The Next Step: How Companies Build Successful Therapeutic Franchises from the Ground Up

The Next Step: How Companies Build Successful Therapeutic Franchises from the Ground Up

Building a new franchise in a therapeutic from scratch poses a host of challenges, from whether to take the risk of entering a new area at all to whether and how to partner strategically with another company. It’s a challenge for both the biggest biopharma companies and emerging biotechs to evaluate how and when to enter new therapeutic areas and to try to ensure that their efforts will not only help patients in need but bring commercial success as well.

At a session titled “The Next Step: How Companies Build Successful Therapeutic Franchises from the Group Up” panelists from a range of companies shared stories about what works and what doesn’t in a discussion led by Meg Tirrell, biotechnology reporter for CNBC.

Speakers at the session include:

  • Paul Fonteyne, President and CEO, Boehringer Ingelheim USA Corp.
  • William Hait, Global Head, Janssen Research & Development LLC.
  • Paris Panayiotopoulos, President and Managing Director, EMD Serono.
  • Dave Ricks, Senior Vice President, Eli Lilly and Co.

David Ricks, senior vice president at Eli Lilly and Co., told the audience that it is difficult for a large drug developer to remain successful in a single therapeutic area for very long. “It’s very rare to stay in one area and consistently have success,’’ he said.

The decision to enter a new therapeutic area differs for emerging biotech companies and a larger company that may already have established franchises in multiple therapeutic areas. But one think companies both large and small need to do is to carefully evaluate early clinical results—something that not all companies do well.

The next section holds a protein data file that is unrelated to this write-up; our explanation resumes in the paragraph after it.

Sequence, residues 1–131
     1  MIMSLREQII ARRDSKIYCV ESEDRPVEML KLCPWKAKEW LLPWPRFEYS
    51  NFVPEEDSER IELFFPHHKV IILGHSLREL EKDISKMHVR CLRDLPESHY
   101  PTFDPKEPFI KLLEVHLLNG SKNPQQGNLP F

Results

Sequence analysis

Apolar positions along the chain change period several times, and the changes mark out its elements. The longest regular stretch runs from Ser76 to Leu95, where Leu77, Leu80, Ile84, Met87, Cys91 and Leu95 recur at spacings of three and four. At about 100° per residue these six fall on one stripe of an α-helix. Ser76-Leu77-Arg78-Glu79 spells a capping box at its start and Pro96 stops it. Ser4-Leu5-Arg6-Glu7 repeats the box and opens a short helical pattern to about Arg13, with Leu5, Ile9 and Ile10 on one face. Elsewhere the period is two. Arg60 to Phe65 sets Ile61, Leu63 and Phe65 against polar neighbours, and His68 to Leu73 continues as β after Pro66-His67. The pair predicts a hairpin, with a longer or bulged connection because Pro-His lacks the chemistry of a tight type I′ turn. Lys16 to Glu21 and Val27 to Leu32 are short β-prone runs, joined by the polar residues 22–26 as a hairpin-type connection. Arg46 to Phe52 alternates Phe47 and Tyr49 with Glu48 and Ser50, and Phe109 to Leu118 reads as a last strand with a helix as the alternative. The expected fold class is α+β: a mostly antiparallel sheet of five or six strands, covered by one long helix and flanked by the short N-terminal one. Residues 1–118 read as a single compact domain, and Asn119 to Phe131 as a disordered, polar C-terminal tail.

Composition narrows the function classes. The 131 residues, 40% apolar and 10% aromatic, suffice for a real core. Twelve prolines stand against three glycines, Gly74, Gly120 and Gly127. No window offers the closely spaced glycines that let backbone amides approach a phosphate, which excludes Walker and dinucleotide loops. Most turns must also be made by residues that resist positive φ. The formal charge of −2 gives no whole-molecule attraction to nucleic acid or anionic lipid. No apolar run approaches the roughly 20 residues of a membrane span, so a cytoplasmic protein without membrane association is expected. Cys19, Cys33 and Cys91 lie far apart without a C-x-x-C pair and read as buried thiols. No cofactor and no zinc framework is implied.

“You really need to do your homework in early phase and be very careful about looking at differentiation [of the compound] in the early stage,’’ said Paul Fonteyne, president and chief executive officer of Boehringer Ingelheim USA Corp. “The worst thing you can do is fail in a Phase 3 trial. You need to really understand what the characteristics of the therapy are and what has to happen in the early trials.”

Asked by moderator Tirrell for some stories that illustrated the risks of entering new therapeutic areas, Ricks discussed how Lilly decided to pursue development of the therapy that would eventually become Cialis, which followed on the heels of Pfizer’s blockbuster success of Viagra, the erectile dysfunction treatment.

For Lilly, the decision to bring Cialis was a big and controversial move at the time. “It’s a sex drug, and we’re a modest Midwestern company,” Ricks said. While some cautioned against competing with a drug as successful as Viagra, Lilly officials believed Cialis would be differentiated in the market because its therapeutic effects lasted longer than competitor Viagra.

“In pharma, differentiation is everything, and there’s not much room in the budget for incremental improvements,” Ricks said.

When bringing a new therapy to market it’s also important that companies think about how the drugs will actually be used in practice by physicians to treat patients, not just how they performed in a clinical setting, said Boehringer Ingelheim’s Fonteyne. “Think about how drugs are used in the community and now just how they are used in a clinical setting,” he said.

 

 

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